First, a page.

Seth Rich Death: Trump Personally Told Fox News To Publish Fake Story About Murdered DNC Employee, Suit Claims

Nathan Francis

Donald Trump personally ordered Fox News to publish a now-discredited story insinuating that DNC staffer Seth Rich was murdered for leaking the Democratic National Committee's emails last year, a new lawsuit claims.

Rich, who worked on voter registration efforts for the DNC and was set to work on Hillary Clinton's campaign, was slain last July in a shooting in his Washington, D.C., neighborhood. Investigators believed his shooting death was connected to a spate of other robberies in the area, but conspiracy theorists have posited that he may have been the source of the DNC emails leaked to WikiLeaks and was murdered for it.

Those claims appeared to be bolstered in May when Fox News contributor Rod Wheeler claimed he had evidence that Rich had been in contact with WikiLeaks and that police in Washington, D.C., were covering it up. The story attracted national attention and was featured heavily on Fox News, including occupying the front page of its website and garnering many segments from Sean Hannity.

Wheeler, who was working with Rich's family as a private investigator, later walked back the claims and said he had seen no direct evidence of Seth Rich working with WikiLeaks.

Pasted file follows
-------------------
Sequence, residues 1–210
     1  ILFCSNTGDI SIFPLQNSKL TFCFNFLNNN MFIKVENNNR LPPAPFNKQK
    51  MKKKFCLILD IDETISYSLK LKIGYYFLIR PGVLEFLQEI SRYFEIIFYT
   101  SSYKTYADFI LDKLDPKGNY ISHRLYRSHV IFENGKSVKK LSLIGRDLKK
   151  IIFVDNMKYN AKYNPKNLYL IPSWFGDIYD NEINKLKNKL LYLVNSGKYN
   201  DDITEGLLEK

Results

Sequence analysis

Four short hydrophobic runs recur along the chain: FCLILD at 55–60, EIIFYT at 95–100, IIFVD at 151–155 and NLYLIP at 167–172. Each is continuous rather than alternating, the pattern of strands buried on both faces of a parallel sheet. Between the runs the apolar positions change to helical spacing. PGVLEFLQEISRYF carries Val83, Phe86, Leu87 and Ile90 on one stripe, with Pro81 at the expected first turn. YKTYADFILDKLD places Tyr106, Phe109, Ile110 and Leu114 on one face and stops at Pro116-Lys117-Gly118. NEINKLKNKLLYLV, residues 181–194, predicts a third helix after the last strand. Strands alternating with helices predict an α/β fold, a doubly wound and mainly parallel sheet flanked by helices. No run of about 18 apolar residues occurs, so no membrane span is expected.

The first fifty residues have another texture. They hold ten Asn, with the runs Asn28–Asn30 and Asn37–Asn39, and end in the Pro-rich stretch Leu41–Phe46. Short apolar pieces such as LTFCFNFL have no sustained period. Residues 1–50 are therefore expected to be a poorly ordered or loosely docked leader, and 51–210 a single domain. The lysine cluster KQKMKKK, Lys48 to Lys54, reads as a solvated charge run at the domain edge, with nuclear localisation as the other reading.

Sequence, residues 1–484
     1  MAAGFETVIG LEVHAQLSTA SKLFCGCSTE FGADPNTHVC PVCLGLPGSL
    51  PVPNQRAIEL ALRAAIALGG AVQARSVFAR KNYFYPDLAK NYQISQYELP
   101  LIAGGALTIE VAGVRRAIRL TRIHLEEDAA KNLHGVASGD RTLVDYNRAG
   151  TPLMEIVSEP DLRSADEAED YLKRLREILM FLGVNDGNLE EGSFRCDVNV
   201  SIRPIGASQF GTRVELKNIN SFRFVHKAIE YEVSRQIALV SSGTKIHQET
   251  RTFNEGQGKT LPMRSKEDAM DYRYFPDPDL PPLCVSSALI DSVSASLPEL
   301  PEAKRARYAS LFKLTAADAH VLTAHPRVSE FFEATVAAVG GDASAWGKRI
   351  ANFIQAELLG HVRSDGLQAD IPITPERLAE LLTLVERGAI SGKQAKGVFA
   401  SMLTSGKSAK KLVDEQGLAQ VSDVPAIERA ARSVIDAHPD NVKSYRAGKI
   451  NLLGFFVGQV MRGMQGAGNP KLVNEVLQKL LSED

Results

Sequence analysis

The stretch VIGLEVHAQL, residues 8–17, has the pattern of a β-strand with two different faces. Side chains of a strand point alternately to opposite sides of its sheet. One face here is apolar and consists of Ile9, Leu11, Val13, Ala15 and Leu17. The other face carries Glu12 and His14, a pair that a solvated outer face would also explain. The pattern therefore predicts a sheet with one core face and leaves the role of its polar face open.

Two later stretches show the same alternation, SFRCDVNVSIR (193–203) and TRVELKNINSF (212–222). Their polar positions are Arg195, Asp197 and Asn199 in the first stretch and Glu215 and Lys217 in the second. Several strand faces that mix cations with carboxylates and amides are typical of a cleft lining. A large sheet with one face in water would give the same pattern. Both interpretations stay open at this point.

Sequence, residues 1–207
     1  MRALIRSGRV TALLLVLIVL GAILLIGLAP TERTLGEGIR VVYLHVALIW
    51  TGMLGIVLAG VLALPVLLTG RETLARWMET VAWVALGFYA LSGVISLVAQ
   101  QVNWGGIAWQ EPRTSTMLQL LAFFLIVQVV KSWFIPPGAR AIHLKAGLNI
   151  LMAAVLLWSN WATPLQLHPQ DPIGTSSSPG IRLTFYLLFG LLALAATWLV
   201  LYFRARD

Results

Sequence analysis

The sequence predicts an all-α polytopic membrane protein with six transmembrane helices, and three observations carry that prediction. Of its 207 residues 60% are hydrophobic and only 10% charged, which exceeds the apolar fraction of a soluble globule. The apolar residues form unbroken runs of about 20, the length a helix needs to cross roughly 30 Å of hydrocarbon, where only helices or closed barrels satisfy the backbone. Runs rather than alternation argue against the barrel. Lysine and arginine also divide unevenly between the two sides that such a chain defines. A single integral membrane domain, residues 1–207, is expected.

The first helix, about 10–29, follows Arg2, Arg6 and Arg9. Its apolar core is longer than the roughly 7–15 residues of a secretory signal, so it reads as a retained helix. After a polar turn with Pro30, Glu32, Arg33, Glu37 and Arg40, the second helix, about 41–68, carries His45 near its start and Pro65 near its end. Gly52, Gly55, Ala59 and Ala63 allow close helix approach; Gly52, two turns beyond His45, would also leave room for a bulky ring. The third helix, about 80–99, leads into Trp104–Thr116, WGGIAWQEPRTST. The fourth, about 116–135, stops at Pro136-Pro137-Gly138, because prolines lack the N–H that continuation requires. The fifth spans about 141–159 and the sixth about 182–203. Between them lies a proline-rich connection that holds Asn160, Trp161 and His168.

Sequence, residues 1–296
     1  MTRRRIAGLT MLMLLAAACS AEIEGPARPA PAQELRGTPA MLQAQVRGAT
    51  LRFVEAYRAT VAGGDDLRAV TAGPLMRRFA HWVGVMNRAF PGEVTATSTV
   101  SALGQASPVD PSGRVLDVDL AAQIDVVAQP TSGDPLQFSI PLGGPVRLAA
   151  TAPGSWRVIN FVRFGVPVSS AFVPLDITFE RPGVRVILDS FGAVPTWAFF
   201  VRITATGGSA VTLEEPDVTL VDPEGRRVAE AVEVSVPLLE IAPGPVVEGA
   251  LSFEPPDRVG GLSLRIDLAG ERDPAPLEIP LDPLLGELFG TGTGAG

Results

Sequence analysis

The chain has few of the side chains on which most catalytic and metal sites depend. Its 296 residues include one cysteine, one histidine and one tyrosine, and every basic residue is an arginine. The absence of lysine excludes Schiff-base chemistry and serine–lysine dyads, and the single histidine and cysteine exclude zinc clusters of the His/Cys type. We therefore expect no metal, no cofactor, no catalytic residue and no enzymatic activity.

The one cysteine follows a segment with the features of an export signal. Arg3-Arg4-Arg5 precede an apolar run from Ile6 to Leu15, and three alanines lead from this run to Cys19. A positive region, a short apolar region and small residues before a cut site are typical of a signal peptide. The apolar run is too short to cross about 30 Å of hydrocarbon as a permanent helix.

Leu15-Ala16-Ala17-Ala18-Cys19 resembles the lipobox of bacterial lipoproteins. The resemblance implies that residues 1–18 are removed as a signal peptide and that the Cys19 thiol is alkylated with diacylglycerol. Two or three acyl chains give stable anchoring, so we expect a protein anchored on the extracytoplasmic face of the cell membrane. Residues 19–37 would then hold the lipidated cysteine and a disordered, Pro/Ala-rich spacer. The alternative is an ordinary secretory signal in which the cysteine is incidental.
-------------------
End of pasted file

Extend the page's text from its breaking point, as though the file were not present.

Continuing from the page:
But Wheeler is now claiming that he was misled by a wealthy Republican donor working directly with the White House, Mediaite noted. Wheeler has filed a lawsuit claiming he was "used as a pawn by Ed Butowsky, Fox News and the Trump administration to try and steer away the attention that was being given about the Russian hacking of the DNC e-mails."

The Seth Rich conspiracy theory has been pushed largely by right-wing news blogs, and last year, it was given a boost when WikiLeaks founder Julian Assange hinted that Rich may have been one of his sources. But the story in May by Fox News -- which was later retracted in full -- was one of the biggest media hits and brought it back into the public spotlight just hours after a story about Donald Trump revealing classified information in his meeting with Russian diplomats.

Fox News reached out to the Inquisitr with a statement from Fox News Channel's president of news, Jay Wallace.

"The accusation that published Malia Zimmerman's story to help detract from coverage of the Russia collusion issue is completely erroneous. The retraction of this story is still being investigated internally and we have no evidence that Rod Wheeler was misquoted by Zimmerman. Additionally, FOX News vehemently denies the race discrimination claims in the lawsuit — the dispute between Zimmerman and Rod Wheeler has nothing to do with race."